Cheap and Clean- Interrogating Masculinities Project, was an exploration of ideas centered around masculinity as performance. How men, in this case, young men navigate popular ideas about masculinity within popular culture. Dancehall culture , has undergone several transitions aesthetically on what is considered masculine. With the rise of the metro sexuality trend in North America and Europe in the early 2000s, the Jamaican male has been reshaping these projections. Dancehall has always employed camp aesthetic, and this has always been evident on both sides of the gender fence. But since the interruption of metro sexuality in dancehall space; the ‘rude boy', baggy sag pants of the mid to late 1990's has been replaced, by tight or fitted brightly coloured outfits (baring some resemblance to 1980's fashion). These aesthetics now being employed--were once seen as feminine--are now seen as masculine revised, or revisited .How are young men now crafting their masculinities in the midst of what was once contradictory? How is Dancehall culture and its fashion, facilitating this all visually? How does what is learned or understood about the masculine in domestic space affect, change or affirm what we see in popular culture?
How we see ourselves and construct ourselves is
often in response to the ideas of others. As an
undergrad at the Edna Manley College of the Visual and Performing Arts, my
final body of work explored these idealogies within an autobiographical
context. I made work based on a comparative poll of people's perspectives of
myself in relation to animals and themselves in relation to animals. The
questions asked were simple if I were an animal what would I be and why and if
you were an animal what would you be and why. The experience opened up a
channel for autobiografric dialogue about self and self-construction. This on-going
interest found its way into my recent body of work.
The Cheap and Clean Interrogating Masculinities Project, involved 14 young men aged 8-22, from various communities in and around downtown Kingston. For this project I collaborated with the Multi-Care Foundation, a not for profit organisation that sets up sports and art programs, in vulnerable communities. The participants in this project came through the Foundation's programming. Over the course of several weeks, we had on-going conversations, drawing and socializing with each other. Most of the youngsters had known each other because of their involvement with other Multi-Care programmes or because they were neighbours in their communities.
On the first day we had a group discussion. I asked the question who is a man? Or what is your definition of a
man? 'Miss a man is somebody who can take care of his family', 'a man knows how to love’,’ a man has a job' were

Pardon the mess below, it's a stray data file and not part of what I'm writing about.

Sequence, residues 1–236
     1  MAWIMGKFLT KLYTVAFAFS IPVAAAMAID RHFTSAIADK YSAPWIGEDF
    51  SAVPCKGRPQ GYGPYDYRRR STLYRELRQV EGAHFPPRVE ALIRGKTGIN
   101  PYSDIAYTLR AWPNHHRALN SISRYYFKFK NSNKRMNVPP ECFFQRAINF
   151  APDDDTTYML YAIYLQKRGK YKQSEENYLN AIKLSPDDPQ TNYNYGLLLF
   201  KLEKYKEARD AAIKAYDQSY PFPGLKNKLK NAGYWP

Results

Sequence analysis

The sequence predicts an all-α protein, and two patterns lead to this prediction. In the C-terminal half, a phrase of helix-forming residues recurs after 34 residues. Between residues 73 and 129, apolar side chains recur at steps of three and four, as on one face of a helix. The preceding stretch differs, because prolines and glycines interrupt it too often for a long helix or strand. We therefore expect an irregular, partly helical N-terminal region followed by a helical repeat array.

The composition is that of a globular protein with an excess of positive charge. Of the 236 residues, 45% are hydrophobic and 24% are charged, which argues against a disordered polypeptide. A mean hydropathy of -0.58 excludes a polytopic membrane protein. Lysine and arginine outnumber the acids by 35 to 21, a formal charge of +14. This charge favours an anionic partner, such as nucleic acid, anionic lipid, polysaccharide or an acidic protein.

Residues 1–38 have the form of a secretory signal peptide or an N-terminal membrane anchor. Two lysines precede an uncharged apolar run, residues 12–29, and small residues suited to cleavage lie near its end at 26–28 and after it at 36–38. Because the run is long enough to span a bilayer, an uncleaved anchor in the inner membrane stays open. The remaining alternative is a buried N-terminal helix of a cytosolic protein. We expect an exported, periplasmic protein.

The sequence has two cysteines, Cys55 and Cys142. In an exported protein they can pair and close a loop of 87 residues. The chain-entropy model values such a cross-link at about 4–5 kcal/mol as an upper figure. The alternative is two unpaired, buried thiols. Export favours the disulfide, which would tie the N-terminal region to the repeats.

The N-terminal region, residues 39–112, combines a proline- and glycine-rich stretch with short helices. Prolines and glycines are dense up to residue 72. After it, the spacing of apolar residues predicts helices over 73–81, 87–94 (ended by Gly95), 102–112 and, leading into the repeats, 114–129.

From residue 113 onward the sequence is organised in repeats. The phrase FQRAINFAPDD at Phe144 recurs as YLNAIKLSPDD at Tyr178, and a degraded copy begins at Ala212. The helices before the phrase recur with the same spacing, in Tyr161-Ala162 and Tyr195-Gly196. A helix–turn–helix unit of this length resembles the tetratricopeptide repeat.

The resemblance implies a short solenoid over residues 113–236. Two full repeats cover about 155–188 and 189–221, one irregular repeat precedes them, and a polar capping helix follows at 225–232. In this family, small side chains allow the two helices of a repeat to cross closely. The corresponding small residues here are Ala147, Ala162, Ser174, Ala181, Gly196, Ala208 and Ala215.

some of the answers I received. Interestingly these answers were coming from the youngest participants. The older
participants, who were teens, seemed too self-conscious that day to lead the dialogue. I started reshaping the
questions after a suggestion from one of my young participants Akeem ( aged 8 ) on how to get them involved. So I
then asked,’ what’s the difference between a man or male ?' For the most part many of them responded quite
intelligently, responding that maleness was related to sex--describing genitalia--while being a man for them had
much to with social involvement or community and family commitments. We discussed men they looked up to in
their own lives; they mentioned Uncles, but most mentioned entertainers. When asked about fathers, most
pointed out that stronger relationships existed with their mothers.
We played a game called man vs male. This allowed them to expand on their ideas about how they saw the two. We
talked largely about public figures during this dialogue. ' Miss is a man you know but....', he pauses to pull his
thoughts together,' is not a 'proper man'.' So here we had another category emerging. Man, male and 'Not a proper
man '.What did he mean by this I asked. They explained that while persons who fell into this 'category ' exuded
machismo in many cases because of his music or because of how he behaved or carried himself in public space,
and the reasons went on, he was not considered 'man' enough. 'Miss yuh see him now' responding to another
figure.' He is male. Is a mistake God mek!' The others chuckled. 'Miss, God started working on him an somebody
distracted him and he forgot he was working on a boy and started working on him as a girl '. I thought this was an i
ncredibly beautiful way for this 9 year old to construct his own understanding of gender and its complexities.
Group Discussion with a few of the Participants at The Dacosta Building ,Kingston Jamaica , 2012 (Photo Courtesy of Monique Gilpin)
As the day continued we paused to draw, I asked them all to imagine themselves
as their ideal masculine figure. They were to make decisions about what this
person would wear including accessories and shoes. These outfits were then made
for them and in later weeks they had their photos taken in a pseudo photo
studio. It was further explained to them that they would get to keep the outfits
and would get pictures of themselves on a designated ' 'photo day'. We worked
on the designs over the course of several weeks meeting with a tailor and listening
and trying as best as possible to make sense of their designs while learning more about them and how